Microsoft won't release the HoloLens until "the world is ready"

Microsoft Hololens Official

Microsoft's HoloLens AR headset sounds like a potentially impressive piece of equipment, and a developer's kit will be rolling out sometime in the first quarter of this year (which we are currently in the midst of) for a whopping $3000. Don't expect a consumer version to follow anytime soon, though. Microsoft's Alex Kipman said at a recent TED Conference in Vancouver, reported by Recode, that the company is determined to avoid repeating the mistakes it made with Kinect.

Kinect is (or, perhaps, was) a motion control system originally designed for the Xbox 360. It got a big push out of the gate but for various reasons—crappy games foremost among them—fizzled quickly. Kinect for Windows didn't fare any better, and a highly-touted plan to make it an integral part of the Xbox One was ultimately abandoned as well. “It was not a pleasant experience,” Kipman said.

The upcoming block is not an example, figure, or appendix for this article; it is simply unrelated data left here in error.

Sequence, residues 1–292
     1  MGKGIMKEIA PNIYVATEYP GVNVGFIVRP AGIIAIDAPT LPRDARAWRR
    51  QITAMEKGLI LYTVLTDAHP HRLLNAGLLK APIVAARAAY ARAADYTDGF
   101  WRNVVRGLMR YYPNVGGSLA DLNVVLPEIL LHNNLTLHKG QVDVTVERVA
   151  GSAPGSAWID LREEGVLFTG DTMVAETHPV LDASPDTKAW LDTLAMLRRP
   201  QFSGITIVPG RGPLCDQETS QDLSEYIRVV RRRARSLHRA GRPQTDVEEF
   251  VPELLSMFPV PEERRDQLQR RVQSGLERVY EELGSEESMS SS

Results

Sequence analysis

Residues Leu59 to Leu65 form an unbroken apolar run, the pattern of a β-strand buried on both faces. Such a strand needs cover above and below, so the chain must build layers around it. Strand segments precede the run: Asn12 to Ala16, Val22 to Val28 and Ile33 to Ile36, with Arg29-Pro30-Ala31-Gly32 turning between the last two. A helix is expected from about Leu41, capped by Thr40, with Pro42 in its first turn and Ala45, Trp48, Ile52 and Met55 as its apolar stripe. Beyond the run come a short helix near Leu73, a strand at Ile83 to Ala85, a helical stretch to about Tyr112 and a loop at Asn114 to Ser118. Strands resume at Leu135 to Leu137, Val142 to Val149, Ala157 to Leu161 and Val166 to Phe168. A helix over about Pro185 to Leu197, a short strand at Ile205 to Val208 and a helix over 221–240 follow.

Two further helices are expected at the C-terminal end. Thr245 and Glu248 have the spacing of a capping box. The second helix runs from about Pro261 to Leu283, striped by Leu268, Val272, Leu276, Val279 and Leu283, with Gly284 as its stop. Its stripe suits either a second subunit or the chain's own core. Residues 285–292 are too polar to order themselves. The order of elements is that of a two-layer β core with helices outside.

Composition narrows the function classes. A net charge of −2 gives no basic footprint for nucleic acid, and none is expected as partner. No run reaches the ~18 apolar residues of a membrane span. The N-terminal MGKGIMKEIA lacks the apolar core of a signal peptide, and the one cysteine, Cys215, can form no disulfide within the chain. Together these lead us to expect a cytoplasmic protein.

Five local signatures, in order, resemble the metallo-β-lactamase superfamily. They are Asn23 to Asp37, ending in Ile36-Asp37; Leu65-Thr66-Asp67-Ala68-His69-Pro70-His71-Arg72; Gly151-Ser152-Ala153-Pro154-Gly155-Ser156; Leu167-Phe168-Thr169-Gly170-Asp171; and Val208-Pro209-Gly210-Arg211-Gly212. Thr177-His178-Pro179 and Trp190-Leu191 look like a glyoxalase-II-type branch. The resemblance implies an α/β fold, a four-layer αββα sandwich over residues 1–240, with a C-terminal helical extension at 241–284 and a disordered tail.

Microsoft is, therefore, taking a different approach with the HoloLens. So even though the hardware might be ready for prime time, there will need to be a substantial base of worthwhile software in place as well. “If a consumer bought it today, they would have 12 things to do with it,” Kipman said. “And they would say ‘Cool, I bought a $3,000 product that I can do 12 things with and now it is collecting dust.'”

“When I feel the world is ready, then we will allow normal people to buy it,” he said. “It could be as soon as we say ‘yes,’ and it could be as long as a ‘very long time.'”

Wait, $3,000? I suspect they're going to need to rethink that: It's almost four times the price of the Vive VR headset, which HTC announced over the weekend will sell for $800 at launch.

Andy Chalk

Andy has been gaming on PCs from the very beginning, starting as a youngster with text adventures and primitive action games on a cassette-based TRS80. From there he graduated to the glory days of Sierra Online adventures and Microprose sims, ran a local BBS, learned how to build PCs, and developed a longstanding love of RPGs, immersive sims, and shooters. He began writing videogame news in 2007 for The Escapist and somehow managed to avoid getting fired until 2014, when he joined the storied ranks of PC Gamer. He covers all aspects of the industry, from new game announcements and patch notes to legal disputes, Twitch beefs, esports, and Henry Cavill. Lots of Henry Cavill.